The complaint. Every time I turn it on the TCL Launcher app requests access to the calendar, call logs, contacts, phone, SMS, storage, media, photos, location… This is the first time I have encountered such a launcher, and I assume that is a TCL custom boot loader for loading the TCL Home app. Denying access does not seem to affect phone use at all – it is just damned annoying.
The observation. It does not have a C-Tick regulatory approval symbol under System, Regulatory and Safety. As Alcatel manages TCL phones in Australia (that are strong supporters of certification and regulation) I expect a correction of this oversight quick smart.
Screen – PASS
|Size||6.47″ centre O-hole, OLED NXTVISION
made by TCL CSOT
Curved waterfall style with an edge screen
|Resolution||2340 x 1080, 60Hz|
|PPI/Ratio||398ppi, 93% STBR|
|Colour||NXTVISION can control the screen according to content and ambient light
Claim: DPI-P3 colour gamut (no percentage given)
Tests: Standard (95% sRGB), Gentle (70% DCI-P3), Vivid (adaptive)
Delta E: Approx 6.75 (<4 is good) – See comment on colour tint below
Dark Theme: Yes
Warm to cool slider: screen defaults >6000° Kelvin – cool blue
|Nits||Claim: 600 Typical, 986 Max HBM (Hidden Brightness mode)
Test: Approx 350 HBM OFF and 425 HMB on
|Brightness||2,000,000:1 (AMOLED has pure black)|
|Not great, which is unusual for OLED. There is a ‘Sunlight Display’ button to ‘increase readability under sunlight’ – we suspect this is part of HBM but does little.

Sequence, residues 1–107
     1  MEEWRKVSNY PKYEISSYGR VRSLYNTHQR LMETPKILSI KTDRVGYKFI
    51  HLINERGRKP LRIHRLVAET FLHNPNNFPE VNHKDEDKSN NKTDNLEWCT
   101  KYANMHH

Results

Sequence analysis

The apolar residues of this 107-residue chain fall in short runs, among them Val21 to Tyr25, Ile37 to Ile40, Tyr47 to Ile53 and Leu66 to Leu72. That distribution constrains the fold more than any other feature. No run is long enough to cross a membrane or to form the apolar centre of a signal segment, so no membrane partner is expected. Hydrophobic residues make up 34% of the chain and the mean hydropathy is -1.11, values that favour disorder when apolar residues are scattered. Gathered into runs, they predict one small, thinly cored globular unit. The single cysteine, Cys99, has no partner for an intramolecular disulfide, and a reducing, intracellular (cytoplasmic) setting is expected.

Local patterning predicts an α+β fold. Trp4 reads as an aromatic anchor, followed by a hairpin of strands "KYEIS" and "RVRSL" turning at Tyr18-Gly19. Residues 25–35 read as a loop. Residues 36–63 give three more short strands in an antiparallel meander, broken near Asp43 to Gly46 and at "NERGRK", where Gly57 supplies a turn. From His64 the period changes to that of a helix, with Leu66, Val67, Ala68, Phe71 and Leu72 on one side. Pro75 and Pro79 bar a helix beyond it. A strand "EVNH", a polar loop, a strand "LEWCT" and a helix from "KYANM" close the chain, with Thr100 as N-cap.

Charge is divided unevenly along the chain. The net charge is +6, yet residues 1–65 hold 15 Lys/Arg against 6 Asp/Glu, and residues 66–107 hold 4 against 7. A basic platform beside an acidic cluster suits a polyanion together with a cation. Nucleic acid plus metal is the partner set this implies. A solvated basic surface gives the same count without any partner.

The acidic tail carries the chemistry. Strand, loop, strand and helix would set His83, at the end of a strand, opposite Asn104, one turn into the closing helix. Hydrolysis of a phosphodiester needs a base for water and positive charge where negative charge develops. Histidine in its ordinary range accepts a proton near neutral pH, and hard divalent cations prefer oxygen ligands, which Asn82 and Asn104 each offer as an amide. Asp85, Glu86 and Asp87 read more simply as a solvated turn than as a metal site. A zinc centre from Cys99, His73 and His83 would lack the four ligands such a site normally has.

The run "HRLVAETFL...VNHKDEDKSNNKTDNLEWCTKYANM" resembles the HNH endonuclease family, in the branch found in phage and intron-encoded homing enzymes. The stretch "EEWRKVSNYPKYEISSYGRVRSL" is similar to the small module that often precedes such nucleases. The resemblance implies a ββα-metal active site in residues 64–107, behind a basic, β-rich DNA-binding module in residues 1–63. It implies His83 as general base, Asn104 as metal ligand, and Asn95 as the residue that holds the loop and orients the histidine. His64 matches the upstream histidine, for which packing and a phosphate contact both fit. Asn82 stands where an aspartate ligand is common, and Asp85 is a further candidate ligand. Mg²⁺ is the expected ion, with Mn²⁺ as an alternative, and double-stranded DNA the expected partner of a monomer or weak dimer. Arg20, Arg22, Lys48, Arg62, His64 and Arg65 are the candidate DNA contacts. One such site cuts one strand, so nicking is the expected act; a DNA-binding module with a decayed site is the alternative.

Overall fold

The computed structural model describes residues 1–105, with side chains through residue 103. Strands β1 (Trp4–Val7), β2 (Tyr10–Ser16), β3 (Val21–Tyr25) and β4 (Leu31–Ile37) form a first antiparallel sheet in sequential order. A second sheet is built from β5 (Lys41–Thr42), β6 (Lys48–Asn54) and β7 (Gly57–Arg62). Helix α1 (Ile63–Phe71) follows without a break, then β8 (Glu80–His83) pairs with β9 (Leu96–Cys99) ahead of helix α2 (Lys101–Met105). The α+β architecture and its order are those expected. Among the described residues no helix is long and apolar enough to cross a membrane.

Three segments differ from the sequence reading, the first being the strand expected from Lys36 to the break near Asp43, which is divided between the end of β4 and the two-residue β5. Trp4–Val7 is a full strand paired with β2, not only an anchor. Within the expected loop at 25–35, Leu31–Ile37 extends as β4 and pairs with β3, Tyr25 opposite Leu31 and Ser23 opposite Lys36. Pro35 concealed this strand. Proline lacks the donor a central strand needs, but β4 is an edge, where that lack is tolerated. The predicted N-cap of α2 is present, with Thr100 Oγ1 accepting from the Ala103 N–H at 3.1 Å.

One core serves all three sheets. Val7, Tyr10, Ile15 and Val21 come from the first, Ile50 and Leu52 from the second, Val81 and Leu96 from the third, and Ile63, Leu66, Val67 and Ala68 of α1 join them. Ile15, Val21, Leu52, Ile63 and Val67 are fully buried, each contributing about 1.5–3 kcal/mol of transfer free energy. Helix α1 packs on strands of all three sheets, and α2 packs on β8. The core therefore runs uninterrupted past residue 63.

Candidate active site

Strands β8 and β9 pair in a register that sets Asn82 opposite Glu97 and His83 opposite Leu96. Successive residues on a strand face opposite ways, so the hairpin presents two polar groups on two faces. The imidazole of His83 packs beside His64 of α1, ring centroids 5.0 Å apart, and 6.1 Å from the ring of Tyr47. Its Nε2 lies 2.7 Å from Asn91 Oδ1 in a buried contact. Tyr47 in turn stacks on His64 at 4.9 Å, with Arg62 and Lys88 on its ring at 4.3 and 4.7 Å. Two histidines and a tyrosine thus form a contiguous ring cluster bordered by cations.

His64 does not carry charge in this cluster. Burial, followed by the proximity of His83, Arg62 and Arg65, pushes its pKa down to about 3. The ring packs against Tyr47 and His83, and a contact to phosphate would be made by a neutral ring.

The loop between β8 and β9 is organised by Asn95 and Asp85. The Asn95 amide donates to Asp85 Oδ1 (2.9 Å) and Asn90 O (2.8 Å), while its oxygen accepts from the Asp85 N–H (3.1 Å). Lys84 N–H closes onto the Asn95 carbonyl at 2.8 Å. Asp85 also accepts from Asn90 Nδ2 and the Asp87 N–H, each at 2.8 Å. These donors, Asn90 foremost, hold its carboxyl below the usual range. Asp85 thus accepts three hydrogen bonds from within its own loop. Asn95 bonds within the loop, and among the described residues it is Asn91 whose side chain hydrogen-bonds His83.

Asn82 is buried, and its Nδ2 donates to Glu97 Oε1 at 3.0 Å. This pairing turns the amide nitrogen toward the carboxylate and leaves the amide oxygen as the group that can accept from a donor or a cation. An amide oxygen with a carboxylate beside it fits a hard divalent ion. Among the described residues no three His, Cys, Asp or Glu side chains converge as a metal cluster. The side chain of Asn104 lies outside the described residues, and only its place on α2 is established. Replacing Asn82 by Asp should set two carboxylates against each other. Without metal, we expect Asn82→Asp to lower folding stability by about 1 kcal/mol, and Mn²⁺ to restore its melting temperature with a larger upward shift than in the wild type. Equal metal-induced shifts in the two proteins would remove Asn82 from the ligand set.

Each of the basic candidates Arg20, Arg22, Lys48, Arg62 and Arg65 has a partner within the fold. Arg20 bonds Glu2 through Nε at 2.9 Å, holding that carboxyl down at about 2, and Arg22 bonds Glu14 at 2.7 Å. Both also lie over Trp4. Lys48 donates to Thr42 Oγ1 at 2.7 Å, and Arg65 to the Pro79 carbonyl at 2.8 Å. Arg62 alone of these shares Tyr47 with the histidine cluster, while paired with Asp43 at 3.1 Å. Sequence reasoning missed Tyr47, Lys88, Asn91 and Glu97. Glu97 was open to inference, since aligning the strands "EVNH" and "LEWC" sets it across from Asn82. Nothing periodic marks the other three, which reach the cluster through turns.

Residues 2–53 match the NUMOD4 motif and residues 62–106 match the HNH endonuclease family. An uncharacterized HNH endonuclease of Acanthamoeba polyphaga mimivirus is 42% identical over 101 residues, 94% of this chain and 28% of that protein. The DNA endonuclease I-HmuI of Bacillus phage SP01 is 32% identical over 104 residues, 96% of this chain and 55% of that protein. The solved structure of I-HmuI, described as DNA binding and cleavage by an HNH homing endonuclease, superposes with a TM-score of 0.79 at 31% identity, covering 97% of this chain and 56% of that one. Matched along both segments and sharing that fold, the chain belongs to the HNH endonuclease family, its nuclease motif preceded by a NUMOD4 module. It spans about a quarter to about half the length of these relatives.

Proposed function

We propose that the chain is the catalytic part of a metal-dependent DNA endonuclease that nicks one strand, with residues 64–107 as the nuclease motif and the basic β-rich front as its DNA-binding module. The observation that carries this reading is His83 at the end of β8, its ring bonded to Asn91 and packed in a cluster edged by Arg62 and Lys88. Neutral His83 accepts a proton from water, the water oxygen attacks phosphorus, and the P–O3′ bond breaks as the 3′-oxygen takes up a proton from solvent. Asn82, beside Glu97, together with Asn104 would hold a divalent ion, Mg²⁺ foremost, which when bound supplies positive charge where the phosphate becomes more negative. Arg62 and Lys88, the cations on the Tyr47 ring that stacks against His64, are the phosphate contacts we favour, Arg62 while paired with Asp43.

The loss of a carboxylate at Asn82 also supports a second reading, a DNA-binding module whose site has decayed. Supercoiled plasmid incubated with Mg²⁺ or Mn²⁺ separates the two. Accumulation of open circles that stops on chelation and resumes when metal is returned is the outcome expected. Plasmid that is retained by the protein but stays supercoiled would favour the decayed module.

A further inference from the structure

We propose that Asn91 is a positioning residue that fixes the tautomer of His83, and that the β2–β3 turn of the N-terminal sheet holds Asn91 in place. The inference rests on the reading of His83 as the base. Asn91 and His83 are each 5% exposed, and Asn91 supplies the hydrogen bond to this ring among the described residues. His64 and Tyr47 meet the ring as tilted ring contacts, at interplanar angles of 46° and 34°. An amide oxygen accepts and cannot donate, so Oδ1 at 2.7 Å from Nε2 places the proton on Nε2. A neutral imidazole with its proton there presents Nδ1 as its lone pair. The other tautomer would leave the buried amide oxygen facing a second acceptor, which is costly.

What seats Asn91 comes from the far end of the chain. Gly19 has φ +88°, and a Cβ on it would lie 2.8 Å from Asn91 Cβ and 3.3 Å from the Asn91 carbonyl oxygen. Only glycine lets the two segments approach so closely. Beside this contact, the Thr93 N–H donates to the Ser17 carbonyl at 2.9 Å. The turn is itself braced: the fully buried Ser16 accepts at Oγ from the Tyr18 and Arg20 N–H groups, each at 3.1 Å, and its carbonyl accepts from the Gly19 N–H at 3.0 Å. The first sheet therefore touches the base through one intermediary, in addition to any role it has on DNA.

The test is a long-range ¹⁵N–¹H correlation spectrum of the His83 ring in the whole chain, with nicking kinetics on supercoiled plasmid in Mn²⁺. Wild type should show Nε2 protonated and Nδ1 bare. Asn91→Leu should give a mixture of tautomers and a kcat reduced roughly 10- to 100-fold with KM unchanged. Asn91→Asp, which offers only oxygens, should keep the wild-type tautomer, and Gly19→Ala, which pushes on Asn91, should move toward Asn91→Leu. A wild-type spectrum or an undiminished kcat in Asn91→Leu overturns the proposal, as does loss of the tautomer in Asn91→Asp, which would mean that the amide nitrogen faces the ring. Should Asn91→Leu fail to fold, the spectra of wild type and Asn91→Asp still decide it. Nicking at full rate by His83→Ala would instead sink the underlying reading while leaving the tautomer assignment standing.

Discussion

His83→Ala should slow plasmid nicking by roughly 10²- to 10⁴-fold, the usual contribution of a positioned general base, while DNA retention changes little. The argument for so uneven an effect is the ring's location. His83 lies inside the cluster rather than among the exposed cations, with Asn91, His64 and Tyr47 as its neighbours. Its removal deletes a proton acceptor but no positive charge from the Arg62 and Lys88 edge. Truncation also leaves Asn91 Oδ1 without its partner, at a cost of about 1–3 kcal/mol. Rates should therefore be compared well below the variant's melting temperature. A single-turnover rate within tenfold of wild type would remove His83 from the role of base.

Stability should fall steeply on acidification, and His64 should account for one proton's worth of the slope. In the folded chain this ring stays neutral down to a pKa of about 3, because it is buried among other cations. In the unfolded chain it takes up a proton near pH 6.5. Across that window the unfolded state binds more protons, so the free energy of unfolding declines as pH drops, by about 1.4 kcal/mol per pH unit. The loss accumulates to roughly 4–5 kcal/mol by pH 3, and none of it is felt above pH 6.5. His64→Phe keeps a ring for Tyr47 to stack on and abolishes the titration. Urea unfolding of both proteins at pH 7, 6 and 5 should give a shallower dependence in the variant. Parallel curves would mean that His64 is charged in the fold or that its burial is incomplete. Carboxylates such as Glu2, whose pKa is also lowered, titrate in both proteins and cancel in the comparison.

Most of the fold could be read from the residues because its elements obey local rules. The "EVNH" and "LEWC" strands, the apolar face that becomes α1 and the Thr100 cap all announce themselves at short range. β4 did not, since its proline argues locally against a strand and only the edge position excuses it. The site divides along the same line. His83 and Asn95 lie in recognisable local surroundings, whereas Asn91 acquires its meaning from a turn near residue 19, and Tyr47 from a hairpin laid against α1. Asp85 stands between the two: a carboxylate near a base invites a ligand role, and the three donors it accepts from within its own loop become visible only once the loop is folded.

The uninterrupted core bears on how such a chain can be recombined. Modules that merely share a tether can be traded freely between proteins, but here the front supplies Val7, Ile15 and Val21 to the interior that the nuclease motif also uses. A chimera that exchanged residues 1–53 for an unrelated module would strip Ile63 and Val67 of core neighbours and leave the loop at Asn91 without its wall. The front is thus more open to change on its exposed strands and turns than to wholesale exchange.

Approx 135° H/V
Yes but turns off ambient display
|TUV||Low Blue light certified|
|Protection||Not stated – likely a toughened glass (Mohs scale 6)|
|Under screen fingerprint||Goodix Ultrasonic – widely used and usually excellent.
Claim: .3 second unlock
Test: It is very slow – three to five seconds so use a PIN.
I suspect NXTVISION colour is the cause and with it off the speed was almost instant
NXTVISION on – 6/10 test activations – FAIL
NXTVISION OFF – 9/10 activations – PASS
AMOLED or OLED
AMOLED, Super AMOLED, Dynamic AMOLED and AMOLED 2X (120Hz) are Samsung’s Generation 8 to 11 panels. As far as we are aware, Samsung owns the AMOLED name/licence (Active Matrix Organic Light Emitting Diode). Most other panel manufacturers have stopped using the term. You will note that LG now uses the words P-OLED or G-OLED (plastic or glass substrate).
This is an LTPS RGB AMOLED screen made by TCL’s CSOT (China Star Optoelectronics). According to Wikipedia, it is a generation 6 panel.
NXTVISION V1.1 is TCLs’ visual enhancement’
TCL claims NXTWISION is a ‘separate display engine’. If there is a hardware one, it does not show up in any test suite software – only the Qualcomm GPU. I suspect it is software-based.
- It works in what it calls ‘Vivid’ mode and adjusts brightness, contrast and colours in real-time. The effect is quite over-saturated colours and variable brightness
- Enables HBM mode that drains the battery quicker
- The SDR-to-HDR option adds ‘faux’ HDR – this setting did not make much difference.
- Reading mode moves the screen to eBook mode – a warm paper colour.
TCL claim very high brightness (600/986 HBM nits) at APL=1% (Average Picture level of 1% of the screen lit up).
Try as we may we could not get halfway near that. At best it is a 350, maybe a 400nit screen on the DisplayRite calibration scale. There is nothing wrong with that except HBM figures may be taken at face value. We are not aware of other brands quoting HBM APL 1%.